Washington State:  Washington State Senate Bill 6438, introduced by Senator Kohl-Welles, and strongly supported by Senator Kauffman, Representative Hudgins and Representative McCoy, sets forth a comprehensive and integrated statewide, high-speed Internet deployment and adoption strategy.  The bill focuses on supplying broadband to all communities by implementing a mapping plan to identify existing broadband and spurring deployment of broadband infrastructure to underserved areas.  Additionally, the bill addressed the demand side of broadband utilization by funding community technology programs that address digital literacy issues.  Key elements include:

  • Map data down to the census block level, which ensures that state leaders can see if there are digital divides within zip codes.

  • The creation of partnerships between different government departments -- such as trade, economic development, utilities, transportation, and education -- to ensure that broadband deployment will not only provide increased access but also smart utilization of the Internet.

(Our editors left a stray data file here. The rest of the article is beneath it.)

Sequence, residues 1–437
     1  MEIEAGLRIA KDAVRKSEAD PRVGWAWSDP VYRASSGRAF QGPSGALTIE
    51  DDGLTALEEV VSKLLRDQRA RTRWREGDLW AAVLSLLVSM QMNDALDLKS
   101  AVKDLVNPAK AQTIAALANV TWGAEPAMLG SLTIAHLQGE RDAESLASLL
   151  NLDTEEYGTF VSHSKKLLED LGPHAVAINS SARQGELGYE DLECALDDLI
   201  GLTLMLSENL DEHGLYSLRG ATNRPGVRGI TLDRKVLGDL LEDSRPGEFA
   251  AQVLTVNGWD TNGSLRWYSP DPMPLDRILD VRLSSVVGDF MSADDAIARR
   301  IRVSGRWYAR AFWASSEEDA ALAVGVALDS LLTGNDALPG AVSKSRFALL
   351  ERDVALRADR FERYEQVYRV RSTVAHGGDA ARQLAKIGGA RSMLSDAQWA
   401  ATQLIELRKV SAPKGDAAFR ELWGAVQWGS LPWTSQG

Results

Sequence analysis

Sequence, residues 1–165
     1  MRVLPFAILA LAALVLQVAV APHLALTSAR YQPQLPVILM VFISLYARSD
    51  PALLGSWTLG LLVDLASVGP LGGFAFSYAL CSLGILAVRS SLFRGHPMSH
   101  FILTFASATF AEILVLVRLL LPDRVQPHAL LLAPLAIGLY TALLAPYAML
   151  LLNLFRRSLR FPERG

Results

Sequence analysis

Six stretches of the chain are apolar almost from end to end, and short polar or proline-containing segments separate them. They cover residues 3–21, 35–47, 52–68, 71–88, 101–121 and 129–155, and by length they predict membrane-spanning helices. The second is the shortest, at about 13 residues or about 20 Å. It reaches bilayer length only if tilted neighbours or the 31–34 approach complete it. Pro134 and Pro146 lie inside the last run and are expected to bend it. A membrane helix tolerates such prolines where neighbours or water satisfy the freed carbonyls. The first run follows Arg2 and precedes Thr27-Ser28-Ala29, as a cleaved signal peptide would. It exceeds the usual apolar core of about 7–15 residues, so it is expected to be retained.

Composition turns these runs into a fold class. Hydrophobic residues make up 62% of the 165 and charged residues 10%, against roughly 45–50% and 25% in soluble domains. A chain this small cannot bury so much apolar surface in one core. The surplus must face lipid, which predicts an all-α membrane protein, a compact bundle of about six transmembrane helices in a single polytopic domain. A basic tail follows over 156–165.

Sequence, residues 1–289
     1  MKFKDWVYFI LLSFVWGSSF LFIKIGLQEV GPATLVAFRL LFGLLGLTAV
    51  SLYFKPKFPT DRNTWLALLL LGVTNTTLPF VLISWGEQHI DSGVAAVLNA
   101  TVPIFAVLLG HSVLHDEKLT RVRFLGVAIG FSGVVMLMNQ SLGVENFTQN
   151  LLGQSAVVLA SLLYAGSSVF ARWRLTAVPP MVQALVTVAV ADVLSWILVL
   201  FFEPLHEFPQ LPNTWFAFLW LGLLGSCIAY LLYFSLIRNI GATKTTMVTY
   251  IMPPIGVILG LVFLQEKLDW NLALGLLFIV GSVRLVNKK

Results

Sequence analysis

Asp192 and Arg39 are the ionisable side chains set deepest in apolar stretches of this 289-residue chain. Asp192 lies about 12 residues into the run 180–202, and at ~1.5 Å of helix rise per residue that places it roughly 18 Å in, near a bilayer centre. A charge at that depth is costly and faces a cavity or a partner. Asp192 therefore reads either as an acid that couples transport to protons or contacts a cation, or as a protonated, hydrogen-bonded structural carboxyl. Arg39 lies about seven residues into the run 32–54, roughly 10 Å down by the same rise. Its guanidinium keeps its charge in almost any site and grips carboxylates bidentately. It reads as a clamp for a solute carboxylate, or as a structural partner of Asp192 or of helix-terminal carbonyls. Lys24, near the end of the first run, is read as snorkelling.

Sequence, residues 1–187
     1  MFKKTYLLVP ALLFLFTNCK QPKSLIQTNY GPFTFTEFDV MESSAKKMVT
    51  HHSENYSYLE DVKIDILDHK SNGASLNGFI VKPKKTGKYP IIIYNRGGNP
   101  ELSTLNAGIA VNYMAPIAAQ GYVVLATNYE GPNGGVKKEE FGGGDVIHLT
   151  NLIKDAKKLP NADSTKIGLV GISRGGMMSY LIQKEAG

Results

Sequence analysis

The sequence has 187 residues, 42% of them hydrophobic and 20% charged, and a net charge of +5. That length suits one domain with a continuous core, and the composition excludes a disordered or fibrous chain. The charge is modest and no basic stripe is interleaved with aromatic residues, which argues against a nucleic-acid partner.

• Strong digital literacy legislation, thanks in large part to strong efforts by the Communities Connect Network. This section creates a web-based map of all community technology programs, creates a community technology grant program, and allocates $500,000 for that program. 

A major drawback of Senate Bill 6438 is the provision that prohibit the public release of data collected from broadband service providers.  This lack of transparency creates a hurdle to public verification of data and a barrier to ensuring that all communities have ubiquitous broadband and quality service.

West Virginia: Thanks to new legislation, HB 4637proposed by Gov. Joe Manchin, and sponsored by Speaker of the House of Delegates, Richard Thompson, West Virginia is one step closer to meeting its goal of universal high speed Internet by 2010.  This legislation will create a Broadband Deployment Fund and a Broadband Deployment Council in order to extend high speed Internet access to unserved areas of West Virginia.  The bill has three main components: first, it establishes a state Broadband Development Council; second, it provides for a mapping project; and third, it establishes a deployment plan.